Recently an English medical journal reported that Dr. Waddell was attending a poor man's child with diphtheria, when the operation of a tracheotomy became necessary. The instant clearing of the trachea became a matter of life and death, and at the risk of his life, the doctor sucked the tube free of the diphtheritic membrane. The child recovered--but the doctor contracted the disease. He hated his life; that is, he thought it not too valuable to sacrifice in the doing of his duty as a physician. The records of every day are full of instances when in hospitals, in private sick rooms, on railway trains, in mines, and in all kinds of service--men and women are illustrating the lesson. The highest example the world ever saw, was in Christ's own case, when He gave His life to save the world.
It is easy enough to think of this law of life--as a mere theory. Now and then there comes an opportunity also to illustrate it in some grand way, as some nurse does it, as some true doctor does it, as another does it. But how are we going to live this way in the common experience of everyday life? "If any man serves me--let him follow me." "He who hates His life--shall keep it unto life eternal." We may interpret this law of the cross so as to make it apply to the experiences of the home, the neighborhood, the school, the business office.
The keynote of the lesson we are trying to learn, is self-denial, which is not merely doing without meat during Lent, giving up some customary indulgences for a few weeks, sacrificing a few things you do not much care for. There are few farces enacted in the world, equal in emptiness to the farce of pious self-denial, as it is played by a good many people, for example, in the Lenten days, meanwhile living selfishly in all the relations of the common days. Self-denial as Christ practice it and teaches it--is denying yourself--hating your own life, laying it on the altar, that some other one may be helped.
Hating your life, means stooping down and considering the needs of little children, the loneliness and wariness of old people; it means thinking of people no one else is likely to think of or care for; being patient with disagreeable people, cranky people, and kind to them; going far out of your way to be obliging to one who would not go out of his way an inch to do a good turn to you; not noticing slights and inattentions, or even slurs and offensive things--except to be all the more Christlike to those who so ungraciously treat you; saying especially kind things of anyone who had been saying unusually unkind things of you. That is what Christ did.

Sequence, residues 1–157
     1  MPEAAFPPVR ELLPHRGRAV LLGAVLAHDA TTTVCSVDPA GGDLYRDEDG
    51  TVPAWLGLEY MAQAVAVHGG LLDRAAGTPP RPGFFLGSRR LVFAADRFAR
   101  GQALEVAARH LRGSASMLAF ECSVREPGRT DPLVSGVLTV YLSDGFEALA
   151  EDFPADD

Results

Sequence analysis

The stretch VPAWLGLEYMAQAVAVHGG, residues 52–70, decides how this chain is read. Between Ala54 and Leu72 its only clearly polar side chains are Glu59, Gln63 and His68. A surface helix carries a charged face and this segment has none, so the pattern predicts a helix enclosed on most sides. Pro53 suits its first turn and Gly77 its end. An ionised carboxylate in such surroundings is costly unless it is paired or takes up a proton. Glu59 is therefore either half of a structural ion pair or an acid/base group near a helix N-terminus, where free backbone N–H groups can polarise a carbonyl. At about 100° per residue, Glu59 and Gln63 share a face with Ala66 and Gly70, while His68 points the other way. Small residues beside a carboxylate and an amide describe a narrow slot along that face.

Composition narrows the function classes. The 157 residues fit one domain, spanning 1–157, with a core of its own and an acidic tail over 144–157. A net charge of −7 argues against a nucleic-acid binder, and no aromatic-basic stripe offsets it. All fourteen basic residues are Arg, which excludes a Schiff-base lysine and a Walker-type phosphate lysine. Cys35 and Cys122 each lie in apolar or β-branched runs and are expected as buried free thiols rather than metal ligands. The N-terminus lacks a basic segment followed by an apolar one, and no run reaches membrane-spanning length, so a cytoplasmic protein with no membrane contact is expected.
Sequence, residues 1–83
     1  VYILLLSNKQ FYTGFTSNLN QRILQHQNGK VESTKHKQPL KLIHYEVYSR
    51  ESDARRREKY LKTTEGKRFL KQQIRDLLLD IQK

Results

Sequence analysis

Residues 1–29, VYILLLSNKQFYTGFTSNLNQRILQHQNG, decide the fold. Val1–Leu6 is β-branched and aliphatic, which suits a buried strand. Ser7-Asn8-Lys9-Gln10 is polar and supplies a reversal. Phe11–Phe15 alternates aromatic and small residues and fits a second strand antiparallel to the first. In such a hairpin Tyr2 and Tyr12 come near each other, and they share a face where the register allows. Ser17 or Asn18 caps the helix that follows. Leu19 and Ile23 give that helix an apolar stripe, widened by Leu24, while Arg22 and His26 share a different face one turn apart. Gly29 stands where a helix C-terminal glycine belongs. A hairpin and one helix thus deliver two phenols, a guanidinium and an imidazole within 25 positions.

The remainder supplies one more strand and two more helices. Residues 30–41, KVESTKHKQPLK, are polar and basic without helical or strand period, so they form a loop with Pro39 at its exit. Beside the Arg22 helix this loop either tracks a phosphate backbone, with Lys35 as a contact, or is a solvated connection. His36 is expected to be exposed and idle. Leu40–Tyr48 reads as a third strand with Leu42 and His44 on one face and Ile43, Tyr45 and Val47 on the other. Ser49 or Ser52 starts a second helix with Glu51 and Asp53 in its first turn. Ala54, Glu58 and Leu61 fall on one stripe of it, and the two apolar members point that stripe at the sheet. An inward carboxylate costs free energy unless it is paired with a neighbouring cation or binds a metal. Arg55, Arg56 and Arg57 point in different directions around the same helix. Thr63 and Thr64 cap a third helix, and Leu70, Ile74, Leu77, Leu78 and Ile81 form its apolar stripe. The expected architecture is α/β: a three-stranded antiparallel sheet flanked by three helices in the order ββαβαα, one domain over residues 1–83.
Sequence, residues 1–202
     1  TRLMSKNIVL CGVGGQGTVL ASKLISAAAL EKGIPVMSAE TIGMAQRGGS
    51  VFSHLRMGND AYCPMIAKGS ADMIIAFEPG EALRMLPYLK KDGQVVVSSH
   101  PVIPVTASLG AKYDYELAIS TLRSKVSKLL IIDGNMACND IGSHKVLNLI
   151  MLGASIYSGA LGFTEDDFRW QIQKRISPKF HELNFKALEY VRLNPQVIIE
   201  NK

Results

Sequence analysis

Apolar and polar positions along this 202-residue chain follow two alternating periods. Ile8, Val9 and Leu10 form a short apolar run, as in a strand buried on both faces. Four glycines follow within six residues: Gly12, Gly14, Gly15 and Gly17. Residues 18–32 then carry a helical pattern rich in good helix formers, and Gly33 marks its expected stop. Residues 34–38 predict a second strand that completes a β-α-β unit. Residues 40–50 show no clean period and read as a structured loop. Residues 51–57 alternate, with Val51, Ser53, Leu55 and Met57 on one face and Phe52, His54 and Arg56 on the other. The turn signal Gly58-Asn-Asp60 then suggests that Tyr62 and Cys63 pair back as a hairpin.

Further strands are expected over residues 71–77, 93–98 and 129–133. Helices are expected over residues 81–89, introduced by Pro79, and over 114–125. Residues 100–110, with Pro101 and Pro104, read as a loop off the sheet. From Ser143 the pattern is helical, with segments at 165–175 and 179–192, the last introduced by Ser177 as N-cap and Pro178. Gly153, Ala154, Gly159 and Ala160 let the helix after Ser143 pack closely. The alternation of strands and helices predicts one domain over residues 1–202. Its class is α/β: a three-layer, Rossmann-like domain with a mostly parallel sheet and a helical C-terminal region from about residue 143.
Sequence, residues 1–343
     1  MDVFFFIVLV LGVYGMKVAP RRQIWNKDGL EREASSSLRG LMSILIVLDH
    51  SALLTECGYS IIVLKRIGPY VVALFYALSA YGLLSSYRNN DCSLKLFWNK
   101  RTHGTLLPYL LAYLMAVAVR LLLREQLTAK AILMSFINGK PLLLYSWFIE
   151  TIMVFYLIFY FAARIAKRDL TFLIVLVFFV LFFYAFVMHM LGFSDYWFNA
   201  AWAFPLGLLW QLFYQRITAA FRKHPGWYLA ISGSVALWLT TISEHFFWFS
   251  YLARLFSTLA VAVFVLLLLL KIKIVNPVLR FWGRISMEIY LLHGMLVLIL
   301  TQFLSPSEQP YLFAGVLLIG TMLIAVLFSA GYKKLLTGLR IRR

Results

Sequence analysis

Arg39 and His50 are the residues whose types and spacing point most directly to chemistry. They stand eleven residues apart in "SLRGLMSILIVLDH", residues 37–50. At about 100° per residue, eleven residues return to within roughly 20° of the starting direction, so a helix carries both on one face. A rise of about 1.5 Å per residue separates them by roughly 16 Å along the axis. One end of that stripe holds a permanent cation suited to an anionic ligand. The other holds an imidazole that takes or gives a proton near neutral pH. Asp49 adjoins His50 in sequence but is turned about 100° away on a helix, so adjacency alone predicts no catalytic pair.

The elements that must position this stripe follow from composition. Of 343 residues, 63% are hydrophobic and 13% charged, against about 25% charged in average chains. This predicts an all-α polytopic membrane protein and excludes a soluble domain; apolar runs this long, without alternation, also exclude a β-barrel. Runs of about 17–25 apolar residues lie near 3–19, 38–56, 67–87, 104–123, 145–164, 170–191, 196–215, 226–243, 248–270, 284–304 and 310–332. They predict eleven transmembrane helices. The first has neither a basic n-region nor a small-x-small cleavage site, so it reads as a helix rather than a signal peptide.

The papers recently told the story of the way a young man gave himself. He was poor--but had a great desire to be a gentleman, then to become a lawyer. He saved enough money from his earnings and his economy--to carry him through college. His first year he made a friend, a young man, brilliant, and noble as well. The two were roommates and became devoted to each other, in spite of their differences. During the first summer vacation the father of the well-to-do boy died and he then had no money to continue his course. He wrote to his friend and told him he could not return to college, that he must abandon his dream of education and go to work.
The poor friend, after a short time wrote to him in this way:
You have a fine capacity and will make a useful man if you have education. I have found out that I would be only a fourth-rate lawyer at best. It will be far better for you to be educated, than for me. I have money enough saved to carry me through college. You must take my money and complete your course. I enclose a draft for the amount. I will drop out of sight altogether and lose myself. Do not try to find me--it will be of no use. Do not refuse the money--you never can return it to me."
This is what Christ spoke of when he advocated the "hating" of one's life. This is self-denial of the noblest kind.
You do not begin to know how many opportunities you have every day, of hating your life in this world, giving yourself to help some other one upward. In the home life, the opportunity comes continually, the opportunity of giving up your own way to make another happier; to put another upward; of keeping gentle and sweet, instead of becoming irritated and provoked; of speaking a soft answer instead of a cutting one; of taking the heavy end of some burden, that a more frail one may not be crushed; of giving cheer to one who is discouraged. There are a hundred opportunities every day--of dropping yourself out--and putting another in the way of receiving the favor; of laying selfishness on the cross and nailing it there--and showing love instead. How do the boys treat their sisters? How do people in comfortable homes, with plenty, regard and treat the neighbor who is having pinching times, or has a sick child? Do you hate your life, your comfort, your luxury, in the sense of doing without some of it--to show kindness and give help? There is an almost infinite field of opportunities for denying self, sacrificing one's own feelings, desires, preferences, to make life easier, happier, and more joyous to others.